Section: Features

From the archives: Knox County’s 216 years of Black history

As the new year slowly moves along, Kenyon, Knox County and the nation at large are preparing to celebrate Black History Month. Though there have been Black residents of Knox County since its inception, there has been an unfortunate tendency to overlook the importance of their history and connection to the area. An archival project titled “The Community Within: Knox County Black History Archive,” overseen by the Rural Life Initiative with funding from the Ohio Humanities Council, attempted to remedy this oversight during the 1992-93 school year by compiling the annals of Black history in Knox County. This Black History Month, the archives offer a chance to honor the stories of those who came before. 

Beginning with the 1808 incorporation of the City of Mount Vernon, Enoch Harris was recorded as the first Black resident of Knox County. Shortly thereafter, in 1835, the county saw its first recorded marriage of Black people with the union of Thomas Snowden and Ellen Cooper. Racial tensions were high across the country in the leadup to the Civil War, and Knox County was no exception — in 1836, a mob attacked an abolitionist meeting at the First Congregational Church. In spite of the racism that inspired the attack, the Underground Railroad had stops in our corner of Ohio, with citizens aiding fugitive slaves in Mount Vernon and Fredericktown. 

Following the 1870 ratification of the Fifteenth Amendment, which guaranteed voting rights to Black men, Mount Vernon’s Black Zouave military unit marched down Main Street in celebration. A few years later, in 1877, famed abolitionist and orator Frederick Douglass visited Kirk Hall in Mount Vernon to give a lecture. He is not the only famous Black thinker to visit Knox County — in 1947, Harlem Renaissance poet Langston Hughes visited the Hill and notoriously asked “Why aren’t there any Black people at Kenyon?”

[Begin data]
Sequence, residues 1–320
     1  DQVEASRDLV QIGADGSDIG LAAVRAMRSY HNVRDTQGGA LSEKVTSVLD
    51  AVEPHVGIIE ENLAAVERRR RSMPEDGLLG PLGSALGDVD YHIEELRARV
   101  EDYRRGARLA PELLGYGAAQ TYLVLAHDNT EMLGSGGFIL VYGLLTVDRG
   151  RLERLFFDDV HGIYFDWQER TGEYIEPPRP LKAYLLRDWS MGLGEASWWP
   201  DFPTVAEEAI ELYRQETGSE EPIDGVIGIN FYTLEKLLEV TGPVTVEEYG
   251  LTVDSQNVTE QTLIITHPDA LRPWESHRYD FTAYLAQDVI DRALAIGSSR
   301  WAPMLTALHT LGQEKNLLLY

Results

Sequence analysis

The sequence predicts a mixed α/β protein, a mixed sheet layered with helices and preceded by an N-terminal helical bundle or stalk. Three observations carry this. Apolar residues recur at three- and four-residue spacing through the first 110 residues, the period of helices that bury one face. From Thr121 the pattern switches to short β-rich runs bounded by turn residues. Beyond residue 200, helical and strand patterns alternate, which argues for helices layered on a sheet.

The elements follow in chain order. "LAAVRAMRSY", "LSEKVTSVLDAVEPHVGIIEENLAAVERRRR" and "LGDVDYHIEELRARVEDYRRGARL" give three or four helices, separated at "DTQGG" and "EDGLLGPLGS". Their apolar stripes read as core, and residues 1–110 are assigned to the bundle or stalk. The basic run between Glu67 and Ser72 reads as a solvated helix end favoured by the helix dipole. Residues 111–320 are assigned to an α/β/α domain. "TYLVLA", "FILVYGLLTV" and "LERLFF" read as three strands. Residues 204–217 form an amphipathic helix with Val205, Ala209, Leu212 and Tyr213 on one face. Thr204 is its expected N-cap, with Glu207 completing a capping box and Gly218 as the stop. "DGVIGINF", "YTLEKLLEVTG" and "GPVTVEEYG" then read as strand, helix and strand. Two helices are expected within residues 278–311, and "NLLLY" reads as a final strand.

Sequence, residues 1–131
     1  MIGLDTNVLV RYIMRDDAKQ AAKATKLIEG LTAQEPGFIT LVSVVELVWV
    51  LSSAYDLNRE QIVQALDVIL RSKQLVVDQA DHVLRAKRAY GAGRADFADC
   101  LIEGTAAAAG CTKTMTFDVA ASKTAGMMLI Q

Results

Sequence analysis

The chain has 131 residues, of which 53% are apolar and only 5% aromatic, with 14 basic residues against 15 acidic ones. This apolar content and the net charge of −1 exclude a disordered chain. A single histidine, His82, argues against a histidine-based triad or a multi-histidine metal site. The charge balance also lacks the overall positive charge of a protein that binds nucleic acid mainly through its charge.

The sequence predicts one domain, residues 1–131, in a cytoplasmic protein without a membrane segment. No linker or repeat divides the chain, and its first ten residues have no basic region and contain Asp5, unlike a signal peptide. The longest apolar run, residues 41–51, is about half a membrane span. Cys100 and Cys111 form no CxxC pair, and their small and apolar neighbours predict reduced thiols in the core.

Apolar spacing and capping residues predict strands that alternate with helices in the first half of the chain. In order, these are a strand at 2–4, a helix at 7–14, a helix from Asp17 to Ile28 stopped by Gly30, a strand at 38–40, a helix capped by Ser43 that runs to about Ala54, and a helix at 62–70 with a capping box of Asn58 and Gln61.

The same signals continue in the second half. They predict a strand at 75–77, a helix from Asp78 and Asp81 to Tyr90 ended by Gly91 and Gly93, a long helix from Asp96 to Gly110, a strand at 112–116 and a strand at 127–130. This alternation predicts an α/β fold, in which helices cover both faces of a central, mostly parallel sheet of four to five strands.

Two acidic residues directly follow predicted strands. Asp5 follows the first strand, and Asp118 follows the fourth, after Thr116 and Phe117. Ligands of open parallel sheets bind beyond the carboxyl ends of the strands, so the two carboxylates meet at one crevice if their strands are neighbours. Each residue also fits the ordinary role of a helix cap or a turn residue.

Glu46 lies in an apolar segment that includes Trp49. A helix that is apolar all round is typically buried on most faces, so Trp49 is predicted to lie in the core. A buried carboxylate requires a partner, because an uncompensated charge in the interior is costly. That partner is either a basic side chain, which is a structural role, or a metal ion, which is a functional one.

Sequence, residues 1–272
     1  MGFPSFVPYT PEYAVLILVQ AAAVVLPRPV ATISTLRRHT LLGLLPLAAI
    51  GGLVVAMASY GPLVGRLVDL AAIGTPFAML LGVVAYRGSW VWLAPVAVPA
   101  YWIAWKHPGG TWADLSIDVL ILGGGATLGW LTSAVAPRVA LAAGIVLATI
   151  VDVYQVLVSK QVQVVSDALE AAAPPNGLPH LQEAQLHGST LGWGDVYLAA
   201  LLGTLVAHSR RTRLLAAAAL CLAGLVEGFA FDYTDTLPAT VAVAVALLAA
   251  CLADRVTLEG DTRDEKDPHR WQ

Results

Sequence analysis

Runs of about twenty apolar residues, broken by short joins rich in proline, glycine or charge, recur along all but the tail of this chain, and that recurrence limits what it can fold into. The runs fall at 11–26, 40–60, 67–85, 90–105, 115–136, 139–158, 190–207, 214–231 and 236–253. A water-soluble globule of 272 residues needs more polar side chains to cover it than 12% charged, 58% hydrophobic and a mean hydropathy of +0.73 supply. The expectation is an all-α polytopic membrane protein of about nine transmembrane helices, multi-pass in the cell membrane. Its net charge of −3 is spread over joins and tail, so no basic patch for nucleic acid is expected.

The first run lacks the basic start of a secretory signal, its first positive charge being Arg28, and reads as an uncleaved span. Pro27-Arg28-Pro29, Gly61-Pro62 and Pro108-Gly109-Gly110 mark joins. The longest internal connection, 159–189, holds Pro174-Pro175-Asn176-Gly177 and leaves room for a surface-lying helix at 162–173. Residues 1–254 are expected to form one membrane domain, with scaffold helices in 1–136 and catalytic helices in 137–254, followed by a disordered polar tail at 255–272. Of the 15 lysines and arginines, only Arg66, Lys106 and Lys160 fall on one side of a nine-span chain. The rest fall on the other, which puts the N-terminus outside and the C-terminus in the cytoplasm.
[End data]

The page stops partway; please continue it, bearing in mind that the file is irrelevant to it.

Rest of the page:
By 1880, the population of Black residents in Knox County swelled to a 19th-century high of 319 (1% of the total). Shortly thereafter, Samuel J. Simmons became the first Black graduate of Mount Vernon High School. Despite these milestones marking advancement for the Black community, Knox County remained largely segregated. An 1884 lawsuit against the owners of an ice rink alleged that Black patrons had been denied access because of their race and was one of the first suits to be filed under the Ohio Civil Rights Act. Still, the Black community persevered, with the county’s first Black-owned business opening in 1892. 

A particularly dark moment in Knox County’s history came about in 1905 when Black resident George Copeland was falsely accused of murdering a white woman. According to the Knox County Black History Archives, “a lynching [was] narrowly averted” before Copeland was freed. In the years following, numerous Black social organizations were formed and fostered connections among Black residents. This included a community chorus (founded in 1916) as well as several public service entities like the 1918 Wayman Chapel Auxiliary (a chapter of the Red Cross). By 1920, Mount Vernon had 420 Black residents.

Between 1920 and 1935, the Mount Vernon Giants formed as a semi-professional Black men’s baseball team, playing across Knox County. Meanwhile, in 1930, acclaimed singer Marian Anderson performed in the city and stayed in the home of a local resident — she would return a few years later in 1939 to perform a sold-out concert at the Memorial Theater, just weeks before her famous performance on the steps of the Lincoln Memorial.

1964 was a notable year for Black educators in Knox County, with Gilbert Newsom becoming the first Black teacher at Mount Vernon High School and Audrey Holt becoming the first Black elementary school teacher in the county after joining the faculty at the Meadow Lane School in Gambier. In the wake of the Civil Rights Movement, the NAACP established its first branch in Knox County in 1970 and boasted 65 members by the end of its first year. In 1971, Charles Chancellor was elected to the Mount Vernon Board of Education, becoming the first Black person elected to public office in Knox County.

The Black history of Knox County extends right into the heart of Kenyon, with the close relationship between the College and the county necessitating a shared past. In more recent memory, Tamara Parson ’93 became the first Black student from Mount Vernon to graduate from Kenyon — she was president of her class. 

As we embark on this month of learning, remembering and honoring, initiatives like the Knox County Black History Archive help us to immortalize the memory of Knox County’s Black residents. Their impact on local history should be celebrated all the time — not just in February.


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